Leo Vroman is the ‘grand old man’ of Dutch poetry. He began writing poems well before World War Two and is still regarded as one of the most lively poets writing in Dutch. This liveliness has much to do with the form and tone of his work, at once loosely conversational and full of ingenious rhymes and playful neologisms.
In the post-war poetry of the Netherlands, Vroman bridges the gap between the surrealist leanings of the Fifties’ poets and the realism of the younger generations. Perhaps even more remarkable than the formal aspects of Vroman’s poems is their content. Vroman is both ultrapersonal, to the point of regularly introducing members of his own family, and universal, in capturing the state of the world in the expression of individual emotions. Seeing the large in the small is undoubtedly part of his work as a haematologist, a field of research that often finds its way into his poems.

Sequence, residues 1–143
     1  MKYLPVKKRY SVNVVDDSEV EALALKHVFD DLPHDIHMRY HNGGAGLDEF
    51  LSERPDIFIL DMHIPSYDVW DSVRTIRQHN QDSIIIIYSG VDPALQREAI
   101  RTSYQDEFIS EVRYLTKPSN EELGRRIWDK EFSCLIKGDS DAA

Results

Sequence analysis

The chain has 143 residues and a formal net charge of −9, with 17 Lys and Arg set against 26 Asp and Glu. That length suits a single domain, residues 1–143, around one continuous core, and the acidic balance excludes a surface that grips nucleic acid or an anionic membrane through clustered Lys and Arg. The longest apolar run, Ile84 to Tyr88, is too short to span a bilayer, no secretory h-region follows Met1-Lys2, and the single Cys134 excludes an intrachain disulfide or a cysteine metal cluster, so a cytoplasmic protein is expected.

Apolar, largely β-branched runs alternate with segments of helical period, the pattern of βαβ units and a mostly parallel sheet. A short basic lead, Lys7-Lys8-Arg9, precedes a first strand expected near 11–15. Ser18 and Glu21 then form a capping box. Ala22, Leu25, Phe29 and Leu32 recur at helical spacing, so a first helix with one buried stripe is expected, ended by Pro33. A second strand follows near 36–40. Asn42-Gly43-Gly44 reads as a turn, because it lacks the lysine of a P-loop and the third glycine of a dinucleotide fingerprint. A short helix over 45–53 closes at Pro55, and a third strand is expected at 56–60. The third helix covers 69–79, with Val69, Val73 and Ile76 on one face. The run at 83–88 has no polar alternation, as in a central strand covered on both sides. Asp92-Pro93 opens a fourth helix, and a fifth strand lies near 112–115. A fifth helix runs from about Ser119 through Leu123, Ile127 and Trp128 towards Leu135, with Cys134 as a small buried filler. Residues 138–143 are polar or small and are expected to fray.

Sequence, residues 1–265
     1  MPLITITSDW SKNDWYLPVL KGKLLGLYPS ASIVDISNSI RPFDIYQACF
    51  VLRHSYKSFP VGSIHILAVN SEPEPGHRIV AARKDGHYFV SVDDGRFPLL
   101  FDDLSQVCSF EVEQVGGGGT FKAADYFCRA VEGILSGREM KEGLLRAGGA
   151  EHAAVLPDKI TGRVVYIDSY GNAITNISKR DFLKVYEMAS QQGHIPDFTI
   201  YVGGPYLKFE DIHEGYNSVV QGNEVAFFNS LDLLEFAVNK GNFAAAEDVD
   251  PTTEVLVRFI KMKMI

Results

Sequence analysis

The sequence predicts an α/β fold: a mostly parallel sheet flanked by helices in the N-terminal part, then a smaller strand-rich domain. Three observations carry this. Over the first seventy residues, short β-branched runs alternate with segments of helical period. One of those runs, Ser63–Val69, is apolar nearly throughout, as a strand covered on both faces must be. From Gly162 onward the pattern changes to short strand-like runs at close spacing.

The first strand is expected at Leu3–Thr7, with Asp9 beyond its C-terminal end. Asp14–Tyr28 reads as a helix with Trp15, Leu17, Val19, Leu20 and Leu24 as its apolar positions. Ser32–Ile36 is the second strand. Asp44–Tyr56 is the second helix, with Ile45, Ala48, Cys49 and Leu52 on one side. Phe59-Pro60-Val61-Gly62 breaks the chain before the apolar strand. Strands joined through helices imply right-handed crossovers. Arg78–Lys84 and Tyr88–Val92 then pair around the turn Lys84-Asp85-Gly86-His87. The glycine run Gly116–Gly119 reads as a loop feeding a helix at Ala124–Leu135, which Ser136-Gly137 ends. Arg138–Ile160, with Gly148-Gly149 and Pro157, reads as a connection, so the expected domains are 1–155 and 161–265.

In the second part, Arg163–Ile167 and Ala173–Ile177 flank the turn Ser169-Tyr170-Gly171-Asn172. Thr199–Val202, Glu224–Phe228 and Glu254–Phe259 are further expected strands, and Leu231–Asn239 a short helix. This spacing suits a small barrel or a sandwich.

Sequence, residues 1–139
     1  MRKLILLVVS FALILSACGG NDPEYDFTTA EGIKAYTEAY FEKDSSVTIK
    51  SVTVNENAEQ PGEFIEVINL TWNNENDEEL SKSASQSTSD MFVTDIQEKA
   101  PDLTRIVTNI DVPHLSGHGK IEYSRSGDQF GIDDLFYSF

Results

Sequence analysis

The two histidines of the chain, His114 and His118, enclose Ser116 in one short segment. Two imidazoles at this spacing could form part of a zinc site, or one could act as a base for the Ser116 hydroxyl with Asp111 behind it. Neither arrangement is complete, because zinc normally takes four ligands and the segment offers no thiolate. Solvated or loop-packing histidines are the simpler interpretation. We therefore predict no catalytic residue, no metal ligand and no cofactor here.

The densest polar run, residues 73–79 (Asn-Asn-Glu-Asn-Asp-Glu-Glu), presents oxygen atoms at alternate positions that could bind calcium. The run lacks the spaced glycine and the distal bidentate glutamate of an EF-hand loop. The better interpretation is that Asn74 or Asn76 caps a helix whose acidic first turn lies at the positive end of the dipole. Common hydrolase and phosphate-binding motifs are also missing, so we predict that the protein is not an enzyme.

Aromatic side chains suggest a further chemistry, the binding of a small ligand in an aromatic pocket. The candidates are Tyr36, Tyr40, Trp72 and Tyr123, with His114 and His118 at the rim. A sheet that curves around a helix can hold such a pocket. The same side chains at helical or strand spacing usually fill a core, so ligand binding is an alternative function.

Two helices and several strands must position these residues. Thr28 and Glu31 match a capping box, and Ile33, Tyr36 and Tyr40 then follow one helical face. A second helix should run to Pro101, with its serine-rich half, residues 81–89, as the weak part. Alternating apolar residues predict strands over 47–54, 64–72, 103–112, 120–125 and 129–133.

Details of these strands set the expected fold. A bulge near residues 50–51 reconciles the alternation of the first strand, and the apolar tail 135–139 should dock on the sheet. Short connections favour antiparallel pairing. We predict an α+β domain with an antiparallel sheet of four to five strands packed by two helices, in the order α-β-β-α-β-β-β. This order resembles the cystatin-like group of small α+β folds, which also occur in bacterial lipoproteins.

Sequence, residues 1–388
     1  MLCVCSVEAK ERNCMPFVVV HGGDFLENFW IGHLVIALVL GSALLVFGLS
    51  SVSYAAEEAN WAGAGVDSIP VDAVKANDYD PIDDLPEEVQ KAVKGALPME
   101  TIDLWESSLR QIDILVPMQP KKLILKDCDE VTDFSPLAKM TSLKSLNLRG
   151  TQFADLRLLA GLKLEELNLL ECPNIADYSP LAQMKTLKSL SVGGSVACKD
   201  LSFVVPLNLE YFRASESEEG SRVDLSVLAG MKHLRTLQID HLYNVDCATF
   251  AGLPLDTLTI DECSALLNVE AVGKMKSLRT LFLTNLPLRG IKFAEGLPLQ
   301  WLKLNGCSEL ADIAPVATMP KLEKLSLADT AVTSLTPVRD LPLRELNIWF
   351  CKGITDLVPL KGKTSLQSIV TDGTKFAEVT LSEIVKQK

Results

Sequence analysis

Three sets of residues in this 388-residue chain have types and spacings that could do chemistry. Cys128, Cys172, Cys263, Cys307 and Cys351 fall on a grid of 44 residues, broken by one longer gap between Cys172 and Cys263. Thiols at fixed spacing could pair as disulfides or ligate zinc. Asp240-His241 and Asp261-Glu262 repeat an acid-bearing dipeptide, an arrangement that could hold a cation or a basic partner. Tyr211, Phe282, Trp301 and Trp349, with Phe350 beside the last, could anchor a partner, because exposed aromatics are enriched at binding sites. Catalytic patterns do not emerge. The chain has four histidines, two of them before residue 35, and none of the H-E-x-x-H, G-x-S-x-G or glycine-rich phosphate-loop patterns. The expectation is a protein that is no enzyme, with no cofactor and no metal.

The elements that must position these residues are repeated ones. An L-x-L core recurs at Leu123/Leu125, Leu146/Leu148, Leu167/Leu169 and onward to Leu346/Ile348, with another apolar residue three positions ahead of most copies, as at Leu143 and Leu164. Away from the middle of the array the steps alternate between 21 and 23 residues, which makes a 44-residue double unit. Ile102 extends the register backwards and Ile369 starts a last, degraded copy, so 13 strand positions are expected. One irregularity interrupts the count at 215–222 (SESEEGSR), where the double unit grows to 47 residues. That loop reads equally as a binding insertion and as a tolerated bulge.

The sweeping, yet never pretentious or preachy analogies between man’s microcosmos and the all-encompassing universe also provide a consolation for the fears of life and death that do pervade this lucid and seemingly light-hearted poetry. The title of his poem ‘Chaos, dear indivisibility’ says it all: life, imperfect, chaotic, is essentially one.
Owing to Vroman’s light touch, his often profound subjects easily imprint themselves on the memory, and quite a few of his poems have entered the canon of Dutch literature. Vroman is also a remarkably prolific poet, untroubled by fashions or trends. His residence in the United States may have helped him retain over the years that quality of light-footed profundity, already so apparent at his official debut in 1946.
[Leo Vroman took part in the Poetry International Festival Rotterdam 2001. This text was written on that occasion.]